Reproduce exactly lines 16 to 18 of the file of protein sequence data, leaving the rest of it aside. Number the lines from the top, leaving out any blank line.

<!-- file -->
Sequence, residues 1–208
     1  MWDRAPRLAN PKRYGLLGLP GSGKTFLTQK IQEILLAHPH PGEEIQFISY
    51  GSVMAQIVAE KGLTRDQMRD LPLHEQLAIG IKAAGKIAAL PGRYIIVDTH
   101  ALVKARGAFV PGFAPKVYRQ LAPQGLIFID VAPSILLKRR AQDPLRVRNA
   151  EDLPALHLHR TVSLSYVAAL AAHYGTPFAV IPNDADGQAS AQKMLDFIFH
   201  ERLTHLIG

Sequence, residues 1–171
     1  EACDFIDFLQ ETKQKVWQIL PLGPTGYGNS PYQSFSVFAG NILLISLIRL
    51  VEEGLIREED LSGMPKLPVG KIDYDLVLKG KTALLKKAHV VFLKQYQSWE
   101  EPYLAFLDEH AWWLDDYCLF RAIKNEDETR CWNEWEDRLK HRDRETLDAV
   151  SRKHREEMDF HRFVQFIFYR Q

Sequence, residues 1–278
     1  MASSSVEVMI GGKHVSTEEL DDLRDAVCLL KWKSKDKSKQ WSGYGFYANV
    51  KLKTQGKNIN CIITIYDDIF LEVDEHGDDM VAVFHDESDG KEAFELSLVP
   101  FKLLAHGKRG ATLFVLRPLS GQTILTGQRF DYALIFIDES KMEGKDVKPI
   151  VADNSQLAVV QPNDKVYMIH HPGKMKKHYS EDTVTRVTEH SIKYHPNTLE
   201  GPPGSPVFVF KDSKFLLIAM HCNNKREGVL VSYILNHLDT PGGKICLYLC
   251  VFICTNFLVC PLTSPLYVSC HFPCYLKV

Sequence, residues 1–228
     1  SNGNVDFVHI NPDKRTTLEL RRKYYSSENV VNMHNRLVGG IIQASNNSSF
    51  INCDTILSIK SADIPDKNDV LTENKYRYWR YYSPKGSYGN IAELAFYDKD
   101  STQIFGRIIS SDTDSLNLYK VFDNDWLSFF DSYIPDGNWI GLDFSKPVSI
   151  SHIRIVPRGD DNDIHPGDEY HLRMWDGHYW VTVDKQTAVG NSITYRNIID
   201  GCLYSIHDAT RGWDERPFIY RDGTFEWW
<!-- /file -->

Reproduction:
   151  VADNSQLAVV QPNDKVYMIH HPGKMKKHYS EDTVTRVTEH SIKYHPNTLE
   201  GPPGSPVFVF KDSKFLLIAM HCNNKREGVL VSYILNHLDT PGGKICLYLC
   251  VFICTNFLVC PLTSPLYVSC HFPCYLKV